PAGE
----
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Table of contents

  1. Front Matter
    Pages i-xviii
  2. Lipids, Membranes, Infection, and Immunity

    1. Front Matter
      Pages 1-1
    2. Jonathan D. Nickels, Jacob Hogg, Destini Cordner, John Katsaras
      Pages 3-32
    3. David E. Minnikin, Patrick J. Brennan
      Pages 33-108
    4. Otto Geiger
      Pages 133-144
    5. Claire Rossi, Hélène Cazzola, Nicola J. Holden, Yannick Rossez
      Pages 145-164
    6. Katrin Anne Becker, Ryan Boudreau, Aaron Gardner, Aaron P. Seitz, Charles C. Caldwell, Xiang Li et al.
      Pages 165-177
  3. Lipases as Determinants of Pathogenicity

  4. Body Surfaces: Lipids, Infections, Personal Hygiene, and Personal Care

  5. Pathogens in Oil

    1. Front Matter
      Pages 265-265
    2. Fernando Rojo, José Luis Martínez
      Pages 267-281
  6. Lipid-Containing Molecules for Disease Prevention and Therapy

    1. Front Matter
      Pages 283-283
    2. Thomas Ebensen, Barbara Fuchs, Kai Schulze, Carlos Alberto Guzmán
      Pages 285-315
    3. Marta Ribeiro, Manuel Simões
      Pages 335-356

About this book

Introduction

This book is a compilation of the most relevant molecular mechanisms and cellular processes that are involved in the infection processes in relation to lipid metabolism. The authors are international experts in the field of infection biology. Readers will understand infection metabolism and the contribution of lipids and lipid-protein interaction to lipids.
Microbial lipids play an important role in almost all cellular phenomena. Microbial infections also contain an important virulence component in microbial lipids. The secretion of lipid vesicles that contain virulence factors, the assembly of lipid membrane microdomains harboring signal transduction pathways relate to infection process and the number of lipid-protein interactions that are necessary for the internalization of pathogens to host cells are some examples of the importance of lipids and lipid metabolism in the development of infections.

Keywords

Lipid-protein interaction lipid vesicles lipid microdomains lipases infections intracellular pathogen

Editors and affiliations

  • Howard Goldfine
    • 1
  1. 1.Department of MicrobiologyPerelman School of Medicine University of PennsylvaniaPhiladelphiaUSA

About the editors

Dr. Howard Goldfine received his B.S. degree from the City College of the City University of New York and his Ph.D. from the University of Chicago. After postdoctoral fellowships in the laboratories of Earl Stadtman at the NIH and Konrad Bloch at Harvard University, he joined the faculty of the Department of Microbiology and Immunology at Harvard Medical School. He moved to the University of Pennsylvania as an Associate Professor of Microbiology in the School of Medicine and subsequently was promoted to Full Professor. He has held a Macy Foundation Faculty Scholar Award, a Fogarty Senior International Fellowship, and a fellowship from the Japan Society for the Promotion of Science and has been a Visiting Professor at the University of Basel and University College London. He is President of the newly organized International Plasmalogen Society. In recognition of his research accomplishments he was elected a Fellow of the American Academy of Microbiology in 1988 and of the American Association for the Advancement of Science in 1998.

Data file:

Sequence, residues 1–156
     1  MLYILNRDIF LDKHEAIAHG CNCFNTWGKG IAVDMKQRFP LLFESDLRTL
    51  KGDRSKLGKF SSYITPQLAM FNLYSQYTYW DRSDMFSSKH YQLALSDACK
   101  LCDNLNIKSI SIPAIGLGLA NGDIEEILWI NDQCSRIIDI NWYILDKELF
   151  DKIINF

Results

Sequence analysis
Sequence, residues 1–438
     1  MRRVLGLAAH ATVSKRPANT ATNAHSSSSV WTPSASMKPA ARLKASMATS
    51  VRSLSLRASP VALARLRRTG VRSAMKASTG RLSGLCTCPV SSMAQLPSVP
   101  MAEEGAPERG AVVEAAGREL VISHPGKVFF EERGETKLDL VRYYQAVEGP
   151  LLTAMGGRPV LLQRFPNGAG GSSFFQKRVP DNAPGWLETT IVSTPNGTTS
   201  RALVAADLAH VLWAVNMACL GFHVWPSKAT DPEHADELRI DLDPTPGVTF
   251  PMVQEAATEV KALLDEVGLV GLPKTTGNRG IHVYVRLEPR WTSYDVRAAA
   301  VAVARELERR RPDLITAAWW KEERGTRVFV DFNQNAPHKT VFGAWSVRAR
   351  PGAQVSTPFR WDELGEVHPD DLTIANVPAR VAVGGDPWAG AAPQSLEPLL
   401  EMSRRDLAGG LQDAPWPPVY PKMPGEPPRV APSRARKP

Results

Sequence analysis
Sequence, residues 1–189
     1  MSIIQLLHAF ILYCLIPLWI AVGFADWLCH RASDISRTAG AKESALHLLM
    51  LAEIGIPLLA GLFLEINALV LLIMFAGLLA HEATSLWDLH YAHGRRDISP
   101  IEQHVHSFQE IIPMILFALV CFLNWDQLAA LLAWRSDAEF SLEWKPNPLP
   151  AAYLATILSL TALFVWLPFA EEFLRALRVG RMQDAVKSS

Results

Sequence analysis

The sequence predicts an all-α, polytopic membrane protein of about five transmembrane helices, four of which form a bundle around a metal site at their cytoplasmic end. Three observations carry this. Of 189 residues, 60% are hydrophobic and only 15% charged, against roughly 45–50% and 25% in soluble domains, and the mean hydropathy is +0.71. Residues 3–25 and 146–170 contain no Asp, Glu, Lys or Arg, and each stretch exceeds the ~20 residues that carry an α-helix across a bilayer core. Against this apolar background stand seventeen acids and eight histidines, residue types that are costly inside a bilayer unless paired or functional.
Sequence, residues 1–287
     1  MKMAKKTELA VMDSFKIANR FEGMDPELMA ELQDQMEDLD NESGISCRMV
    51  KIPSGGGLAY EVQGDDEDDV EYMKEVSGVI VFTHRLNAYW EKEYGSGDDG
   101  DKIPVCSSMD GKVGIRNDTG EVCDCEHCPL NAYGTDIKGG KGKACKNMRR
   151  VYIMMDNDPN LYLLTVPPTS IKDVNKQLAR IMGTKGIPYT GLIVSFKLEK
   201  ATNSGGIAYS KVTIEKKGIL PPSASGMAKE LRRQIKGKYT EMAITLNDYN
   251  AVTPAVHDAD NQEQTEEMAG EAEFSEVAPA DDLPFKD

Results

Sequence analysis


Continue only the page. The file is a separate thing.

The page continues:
Dr. Goldfine has had a notable career in biochemistry and microbiology over the past half century. During this time he has made important contributions to our understanding of bacterial fatty acid and phospholipid biosynthesis, the assembly of the outer membranes of Gramnegative bacteria, the regulation of biophysical properties of bacterial membranes, and the structures, biosynthesis, and functions of bacterial ether lipids. In a second major phase of his research career his laboratory played a large role in elucidating the roles of phospholipases in bacterial pathogenesis with a focus on Listeria monocytogenes.

Bibliographic information